Can animals count?

Can animals count? This question I posed to my friend. She responded with, “Yes! No! Wait… maybe?” I had the same reaction to this question. In this blog post I will share my thoughts and findings with you and maybe you too might wonder, can animals actually count?


In the 1900’s, there was supposedly a horse that was able to learn basic maths and could count. The owner would ask the horse maths questions that involved adding and dividing. The horse would tap its hoof with the answer. For example, if the answer was two, the horse would tap its hoof twice. However, although it seemed that the horse was counting, I think that it wasn’t, It must have been trained to react that way. As I continued to watch the video about this horse, I came to the discovery that indeed, it was found through experiments, that the horse responded the way it did, due to cues (Bourassa, 2012).


There was an experiment carried out to see if lions could count. It seemed that the lions in this experiment were able to count if the number of lions coming (who were intruders) were greater than those in their own group. They were able to do so by listening to the lions roars. Males from the intruders would quantify the amount of females that were in the group before attacking. They could distinguish if there were one or three lionesses by the sound of their roars (BBC News, 2003). Maybe these lions are not aware that they are counting  or actively counting, as they are not thinking, one, two, three like us.  However, maybe they are counting since they could work out the exact amount of lions in prides accurately (BBC News, 2003). If lions can count, why is it that their counting is limited to five or six? (Silver, 2015).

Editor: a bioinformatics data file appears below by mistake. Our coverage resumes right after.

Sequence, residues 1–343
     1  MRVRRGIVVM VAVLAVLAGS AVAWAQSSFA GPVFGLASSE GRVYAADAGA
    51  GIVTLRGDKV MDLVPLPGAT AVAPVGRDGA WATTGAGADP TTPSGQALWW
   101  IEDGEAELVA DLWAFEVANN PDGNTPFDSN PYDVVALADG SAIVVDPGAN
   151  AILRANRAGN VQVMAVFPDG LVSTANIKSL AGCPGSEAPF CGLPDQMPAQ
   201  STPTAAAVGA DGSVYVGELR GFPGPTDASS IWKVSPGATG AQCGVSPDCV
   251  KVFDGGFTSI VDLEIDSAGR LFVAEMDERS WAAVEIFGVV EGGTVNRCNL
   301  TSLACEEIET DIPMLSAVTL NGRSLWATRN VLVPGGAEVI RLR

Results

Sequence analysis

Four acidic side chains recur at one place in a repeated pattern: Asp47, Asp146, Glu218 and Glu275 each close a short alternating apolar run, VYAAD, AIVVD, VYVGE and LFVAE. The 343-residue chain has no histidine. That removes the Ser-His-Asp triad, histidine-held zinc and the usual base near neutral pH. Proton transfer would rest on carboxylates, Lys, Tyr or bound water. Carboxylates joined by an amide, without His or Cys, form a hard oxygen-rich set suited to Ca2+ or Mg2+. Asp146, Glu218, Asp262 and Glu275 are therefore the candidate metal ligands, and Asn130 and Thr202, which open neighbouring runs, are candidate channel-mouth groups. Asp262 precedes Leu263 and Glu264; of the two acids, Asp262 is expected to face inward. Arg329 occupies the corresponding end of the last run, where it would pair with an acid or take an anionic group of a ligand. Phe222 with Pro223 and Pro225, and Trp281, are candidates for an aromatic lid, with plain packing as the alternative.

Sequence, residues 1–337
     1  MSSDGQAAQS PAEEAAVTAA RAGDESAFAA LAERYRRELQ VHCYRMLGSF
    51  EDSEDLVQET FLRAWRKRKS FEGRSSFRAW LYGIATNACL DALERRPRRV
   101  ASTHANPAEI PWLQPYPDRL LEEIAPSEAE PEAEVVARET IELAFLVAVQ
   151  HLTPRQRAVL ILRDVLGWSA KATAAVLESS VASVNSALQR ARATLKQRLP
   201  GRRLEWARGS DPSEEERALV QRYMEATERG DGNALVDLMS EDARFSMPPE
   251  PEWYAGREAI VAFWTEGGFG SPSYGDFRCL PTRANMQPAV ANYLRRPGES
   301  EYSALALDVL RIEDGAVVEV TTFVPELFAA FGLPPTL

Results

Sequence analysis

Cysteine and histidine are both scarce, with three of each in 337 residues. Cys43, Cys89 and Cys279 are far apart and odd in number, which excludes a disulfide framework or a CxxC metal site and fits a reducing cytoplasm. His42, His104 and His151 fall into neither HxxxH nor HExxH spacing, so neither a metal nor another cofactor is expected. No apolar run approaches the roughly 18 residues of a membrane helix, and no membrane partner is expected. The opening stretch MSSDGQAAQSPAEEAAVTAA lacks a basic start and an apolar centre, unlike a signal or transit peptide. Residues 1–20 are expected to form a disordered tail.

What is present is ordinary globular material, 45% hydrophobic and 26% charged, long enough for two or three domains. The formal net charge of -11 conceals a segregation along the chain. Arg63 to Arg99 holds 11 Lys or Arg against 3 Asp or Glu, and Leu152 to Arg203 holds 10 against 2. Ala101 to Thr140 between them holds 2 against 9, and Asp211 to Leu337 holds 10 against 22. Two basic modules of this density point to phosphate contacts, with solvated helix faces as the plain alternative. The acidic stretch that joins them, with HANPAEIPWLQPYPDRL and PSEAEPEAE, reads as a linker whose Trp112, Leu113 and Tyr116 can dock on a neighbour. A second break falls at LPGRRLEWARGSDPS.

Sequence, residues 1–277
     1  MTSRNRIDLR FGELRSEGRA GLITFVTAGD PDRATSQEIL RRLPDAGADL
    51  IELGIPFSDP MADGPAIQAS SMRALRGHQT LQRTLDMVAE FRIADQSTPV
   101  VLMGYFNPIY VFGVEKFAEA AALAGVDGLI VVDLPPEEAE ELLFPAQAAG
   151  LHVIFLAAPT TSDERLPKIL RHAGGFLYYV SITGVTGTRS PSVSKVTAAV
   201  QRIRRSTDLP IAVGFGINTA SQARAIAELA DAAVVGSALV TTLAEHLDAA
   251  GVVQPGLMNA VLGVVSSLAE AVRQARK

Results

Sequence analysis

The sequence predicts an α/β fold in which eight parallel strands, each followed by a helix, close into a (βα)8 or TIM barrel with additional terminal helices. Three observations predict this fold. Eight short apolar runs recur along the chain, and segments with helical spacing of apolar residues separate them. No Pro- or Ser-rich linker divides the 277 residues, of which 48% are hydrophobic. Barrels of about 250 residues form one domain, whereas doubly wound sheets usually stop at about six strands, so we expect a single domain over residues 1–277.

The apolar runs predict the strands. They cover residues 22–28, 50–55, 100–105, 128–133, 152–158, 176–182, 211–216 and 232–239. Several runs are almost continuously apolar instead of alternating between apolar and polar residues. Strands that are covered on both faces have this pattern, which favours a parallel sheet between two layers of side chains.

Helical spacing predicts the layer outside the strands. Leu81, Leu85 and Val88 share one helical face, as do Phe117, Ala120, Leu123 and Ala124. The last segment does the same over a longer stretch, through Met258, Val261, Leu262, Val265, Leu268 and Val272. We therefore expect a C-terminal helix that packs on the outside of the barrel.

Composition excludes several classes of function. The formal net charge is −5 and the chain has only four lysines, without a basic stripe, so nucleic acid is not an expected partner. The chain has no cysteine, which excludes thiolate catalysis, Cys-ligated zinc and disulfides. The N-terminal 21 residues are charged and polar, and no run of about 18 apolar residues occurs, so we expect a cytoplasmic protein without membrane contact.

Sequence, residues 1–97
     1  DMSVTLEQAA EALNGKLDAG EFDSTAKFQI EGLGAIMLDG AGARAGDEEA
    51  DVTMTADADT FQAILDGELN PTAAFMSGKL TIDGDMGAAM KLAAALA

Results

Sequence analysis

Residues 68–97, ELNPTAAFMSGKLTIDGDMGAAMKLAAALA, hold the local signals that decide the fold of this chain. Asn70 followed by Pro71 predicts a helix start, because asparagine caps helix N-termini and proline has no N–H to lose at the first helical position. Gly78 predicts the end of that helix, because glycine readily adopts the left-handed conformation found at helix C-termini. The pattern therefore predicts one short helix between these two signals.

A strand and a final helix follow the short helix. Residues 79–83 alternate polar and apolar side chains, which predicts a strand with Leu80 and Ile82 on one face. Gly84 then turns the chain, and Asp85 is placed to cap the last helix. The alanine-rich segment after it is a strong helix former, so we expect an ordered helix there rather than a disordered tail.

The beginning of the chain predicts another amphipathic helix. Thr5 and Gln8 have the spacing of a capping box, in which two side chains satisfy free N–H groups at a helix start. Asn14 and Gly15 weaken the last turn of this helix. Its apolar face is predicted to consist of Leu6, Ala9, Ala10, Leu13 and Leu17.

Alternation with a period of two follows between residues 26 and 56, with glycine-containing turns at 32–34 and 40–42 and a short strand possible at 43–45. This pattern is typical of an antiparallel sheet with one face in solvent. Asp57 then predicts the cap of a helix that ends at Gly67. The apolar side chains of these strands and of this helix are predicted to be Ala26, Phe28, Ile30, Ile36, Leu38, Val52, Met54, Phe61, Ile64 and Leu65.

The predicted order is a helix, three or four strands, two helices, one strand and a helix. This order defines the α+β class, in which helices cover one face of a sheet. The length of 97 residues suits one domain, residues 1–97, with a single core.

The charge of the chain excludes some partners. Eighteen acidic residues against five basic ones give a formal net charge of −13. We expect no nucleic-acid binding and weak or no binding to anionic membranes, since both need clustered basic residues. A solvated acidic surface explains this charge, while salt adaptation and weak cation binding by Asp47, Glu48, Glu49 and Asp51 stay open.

Baby chicks?

An experiment was carried out with baby chicks to see if they could count (these chicks had not been trained). Three balls were hid behind a screen and two behind another. Chicks went to the screen that had the largest amount of balls. Then it was changed up, when some of the balls had been moved, the chicks could “count” that another screen had more balls there. It was believed that they could add and subtract (Gill, 2009).


It is argued that chimps can count as they could understand originality since the chimps could remember the pattern of numbers. In this experiment, I think it was purely a “memory test”, the chimps had learned symbols or, the chimps did so because they wanted their peanuts (Muldertn, 2008).


It seems that dogs cannot discern numbers over one. They know the difference between something and nothing. This may be because they don’t need to “count”. There is no reason to, they do not need to “count” for survival whereas wolves do and they can “count” (Silver, 2015).